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Instant recap: UW faculty retainment may improve if bill to allow privately funded research passes

UW-Madison could have better faculty recruitment and retention numbers if a new bill allowing researchers to have a more accessible way to get funding from nonprofits and private companies passes.

Image By: Jon Yoon

UW-Madison researchers may have fewer obstacles when seeking funding from private entities and nonprofit organizations.

A bipartisan bill that would allow researchers to obtain funding from private companies and nonprofit organizations more easily has the support of PROFS, the university’s faculty lobbying group, and the Association of Campus Entrepreneurs.

If a private company wants to contract with researchers for more than $250,000, there is a 45-day review by the UW System Board of Regents. The proposed bill would replace the 45-day review with a plan to manage potential conflicts of interest. According to lobbyist Jack O’Meara, the current law is a real impediment and creates delay due to the reviewing process, and can prevent businesses from reaching out to UW researchers.

Thomas Mackie, President of the Association of Campus Entrepreneurs, says this is problematic because a company has to ask for permission, so company have greater reason to look to other universities to do their research.

“Lots of people have start up companies and then do the clinical trials at other locations,” Mackie said. “The Regents can’t make a case-by-case decision; it’s better to keep it inside the university than it is to involve the Regents. It’s always a problem for academic spin off companies. It’s [the review process] not really necessary. It’s more bureaucracy without adding any value.”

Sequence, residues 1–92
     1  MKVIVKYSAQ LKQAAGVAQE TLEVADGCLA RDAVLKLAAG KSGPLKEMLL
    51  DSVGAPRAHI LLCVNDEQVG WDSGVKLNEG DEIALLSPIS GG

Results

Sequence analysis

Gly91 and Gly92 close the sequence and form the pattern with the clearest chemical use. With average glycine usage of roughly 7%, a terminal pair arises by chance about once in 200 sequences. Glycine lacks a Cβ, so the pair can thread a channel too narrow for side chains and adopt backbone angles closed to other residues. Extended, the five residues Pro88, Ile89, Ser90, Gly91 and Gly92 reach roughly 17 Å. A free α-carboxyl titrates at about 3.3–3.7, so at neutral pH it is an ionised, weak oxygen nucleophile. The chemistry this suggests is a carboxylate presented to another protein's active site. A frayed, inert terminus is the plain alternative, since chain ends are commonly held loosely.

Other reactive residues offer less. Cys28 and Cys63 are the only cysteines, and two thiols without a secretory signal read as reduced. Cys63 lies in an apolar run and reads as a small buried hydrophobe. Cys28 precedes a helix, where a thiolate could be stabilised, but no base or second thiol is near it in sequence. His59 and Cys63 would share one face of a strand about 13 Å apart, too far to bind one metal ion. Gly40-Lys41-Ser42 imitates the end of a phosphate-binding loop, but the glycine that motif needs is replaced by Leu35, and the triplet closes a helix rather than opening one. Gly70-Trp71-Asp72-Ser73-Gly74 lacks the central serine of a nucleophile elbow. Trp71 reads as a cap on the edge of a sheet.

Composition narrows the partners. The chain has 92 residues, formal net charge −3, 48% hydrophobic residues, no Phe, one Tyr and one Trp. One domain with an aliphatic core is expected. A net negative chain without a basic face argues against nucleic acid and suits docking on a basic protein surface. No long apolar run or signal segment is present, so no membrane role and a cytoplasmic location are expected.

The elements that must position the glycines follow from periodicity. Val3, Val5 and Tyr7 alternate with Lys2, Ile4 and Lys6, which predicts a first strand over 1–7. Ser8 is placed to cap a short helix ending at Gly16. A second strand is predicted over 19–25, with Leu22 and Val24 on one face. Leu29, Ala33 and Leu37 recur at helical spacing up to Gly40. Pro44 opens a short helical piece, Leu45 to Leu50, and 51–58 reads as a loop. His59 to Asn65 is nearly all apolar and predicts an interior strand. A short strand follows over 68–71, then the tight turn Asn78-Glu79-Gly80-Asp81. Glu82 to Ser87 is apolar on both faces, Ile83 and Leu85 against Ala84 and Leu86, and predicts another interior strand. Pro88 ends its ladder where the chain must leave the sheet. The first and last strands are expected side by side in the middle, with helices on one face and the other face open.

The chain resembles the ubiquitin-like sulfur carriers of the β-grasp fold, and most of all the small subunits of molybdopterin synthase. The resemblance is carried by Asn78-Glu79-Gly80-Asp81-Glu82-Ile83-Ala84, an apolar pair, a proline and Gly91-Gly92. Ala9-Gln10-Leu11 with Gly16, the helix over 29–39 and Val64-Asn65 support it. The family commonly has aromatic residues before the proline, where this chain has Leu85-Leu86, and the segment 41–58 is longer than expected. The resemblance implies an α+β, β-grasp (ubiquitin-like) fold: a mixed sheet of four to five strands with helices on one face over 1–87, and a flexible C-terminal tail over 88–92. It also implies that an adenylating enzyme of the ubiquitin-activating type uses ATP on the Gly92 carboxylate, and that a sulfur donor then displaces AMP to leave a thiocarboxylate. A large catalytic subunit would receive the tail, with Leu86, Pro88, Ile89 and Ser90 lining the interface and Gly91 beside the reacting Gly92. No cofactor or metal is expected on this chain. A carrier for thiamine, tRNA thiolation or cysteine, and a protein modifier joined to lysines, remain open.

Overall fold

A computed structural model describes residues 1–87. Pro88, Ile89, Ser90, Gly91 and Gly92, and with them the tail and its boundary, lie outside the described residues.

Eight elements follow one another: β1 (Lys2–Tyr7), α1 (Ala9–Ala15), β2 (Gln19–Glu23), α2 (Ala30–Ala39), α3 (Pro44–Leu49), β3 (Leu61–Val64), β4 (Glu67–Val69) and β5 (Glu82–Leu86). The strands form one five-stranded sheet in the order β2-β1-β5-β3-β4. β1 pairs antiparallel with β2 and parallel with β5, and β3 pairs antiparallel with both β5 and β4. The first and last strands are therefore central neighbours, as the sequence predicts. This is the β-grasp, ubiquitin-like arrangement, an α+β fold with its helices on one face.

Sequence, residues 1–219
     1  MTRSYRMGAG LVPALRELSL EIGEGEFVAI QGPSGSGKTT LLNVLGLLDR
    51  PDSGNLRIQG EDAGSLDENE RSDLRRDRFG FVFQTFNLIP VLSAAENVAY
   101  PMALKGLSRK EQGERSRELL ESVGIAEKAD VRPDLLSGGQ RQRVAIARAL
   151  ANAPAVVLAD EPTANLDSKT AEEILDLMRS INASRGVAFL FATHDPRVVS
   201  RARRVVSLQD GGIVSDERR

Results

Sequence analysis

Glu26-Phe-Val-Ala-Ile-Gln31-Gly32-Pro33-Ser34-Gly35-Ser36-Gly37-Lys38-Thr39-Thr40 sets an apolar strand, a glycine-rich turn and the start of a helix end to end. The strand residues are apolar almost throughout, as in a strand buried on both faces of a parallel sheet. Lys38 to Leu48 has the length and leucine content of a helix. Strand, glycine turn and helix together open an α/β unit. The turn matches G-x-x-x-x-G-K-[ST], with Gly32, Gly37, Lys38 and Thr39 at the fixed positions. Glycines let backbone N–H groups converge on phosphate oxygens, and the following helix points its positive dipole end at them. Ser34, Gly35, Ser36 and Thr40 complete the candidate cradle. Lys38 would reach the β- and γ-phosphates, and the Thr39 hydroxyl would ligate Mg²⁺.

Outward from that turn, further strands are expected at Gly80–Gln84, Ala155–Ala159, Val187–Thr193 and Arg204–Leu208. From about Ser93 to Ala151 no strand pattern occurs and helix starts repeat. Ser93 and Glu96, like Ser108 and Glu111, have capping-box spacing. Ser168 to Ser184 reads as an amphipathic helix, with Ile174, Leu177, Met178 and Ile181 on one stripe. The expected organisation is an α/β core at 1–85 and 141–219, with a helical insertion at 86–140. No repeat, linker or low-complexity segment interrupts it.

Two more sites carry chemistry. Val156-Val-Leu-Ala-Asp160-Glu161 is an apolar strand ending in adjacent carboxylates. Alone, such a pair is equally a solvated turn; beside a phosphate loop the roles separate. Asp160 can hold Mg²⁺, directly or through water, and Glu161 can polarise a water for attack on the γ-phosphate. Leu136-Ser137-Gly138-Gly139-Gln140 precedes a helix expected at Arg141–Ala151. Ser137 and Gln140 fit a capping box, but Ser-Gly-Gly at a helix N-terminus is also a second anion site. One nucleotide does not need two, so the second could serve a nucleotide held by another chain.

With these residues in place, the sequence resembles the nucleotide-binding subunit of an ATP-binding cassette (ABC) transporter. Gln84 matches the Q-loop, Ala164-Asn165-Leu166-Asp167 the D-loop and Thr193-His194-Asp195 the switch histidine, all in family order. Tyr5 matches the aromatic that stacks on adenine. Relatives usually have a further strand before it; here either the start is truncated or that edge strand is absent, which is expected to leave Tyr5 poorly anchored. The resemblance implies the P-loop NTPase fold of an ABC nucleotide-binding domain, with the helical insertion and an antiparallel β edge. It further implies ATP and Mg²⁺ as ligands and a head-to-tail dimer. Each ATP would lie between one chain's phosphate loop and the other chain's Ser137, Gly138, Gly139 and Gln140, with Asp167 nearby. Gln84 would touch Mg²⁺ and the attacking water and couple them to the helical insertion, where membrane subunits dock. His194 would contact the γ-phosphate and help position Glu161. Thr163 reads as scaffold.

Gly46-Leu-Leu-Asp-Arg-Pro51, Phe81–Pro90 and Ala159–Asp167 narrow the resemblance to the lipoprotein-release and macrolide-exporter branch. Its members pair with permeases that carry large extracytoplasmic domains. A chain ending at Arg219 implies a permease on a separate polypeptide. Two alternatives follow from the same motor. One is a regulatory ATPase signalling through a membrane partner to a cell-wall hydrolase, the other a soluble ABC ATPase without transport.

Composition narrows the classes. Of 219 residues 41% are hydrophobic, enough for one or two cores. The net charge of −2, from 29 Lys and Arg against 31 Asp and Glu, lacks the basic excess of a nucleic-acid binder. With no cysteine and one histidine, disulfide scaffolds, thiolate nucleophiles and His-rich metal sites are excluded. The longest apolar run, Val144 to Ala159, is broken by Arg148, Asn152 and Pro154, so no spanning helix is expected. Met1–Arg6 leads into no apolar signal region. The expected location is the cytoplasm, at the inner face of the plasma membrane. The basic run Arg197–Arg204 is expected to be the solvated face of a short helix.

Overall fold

Additionally, the bill would change the definition of a “research company” to allow UW campuses to contract with nonprofit organizations and businesses. Current Wisconsin law only includes private entities.

According to O’Meara, some faculty members have left because they were not able to work with nonprofit groups that want to fund research. Other universities that do not have the same research regulations have attempted to recruit UW-Madison faculty, making retention difficult.

In 2016, the University of California-San Francisco and University of California-San Diego bumped UW-Madison from the top five research universities. O’Meara said he believes the bill would keep the research ranking where it is, and create a better environment for researchers, which O’Meara believes UW-Madison can improve upon.

“The institutions that passed us up create more of a positive atmosphere for researchers to think that they can both be doing their research and working to potentially advance an outside business,” O’Meara said. “We don’t believe it’s a coincidence that the two institutions that passed us up both are much better at bringing in private research funding, as well as federal funding.”

According to O’Meara, the bill will help recruit and retain faculty by making it easier for researchers to receive funding from private entities if the bill is passed, a problem that UW-Madison has dealt with. In 2016 UW-Madison received $25 million less in funding from private businesses.

“We do have many faculty who are exploring different ways of funding their research or commercializing the discoveries that they’ve already made and they find the process to be overly burdensome and too slow and frankly they’re told by their colleagues in other states that’s a much more favorable environment,” O’Meara said. “A key point of the bill is retention of the top faculty that we already have.”

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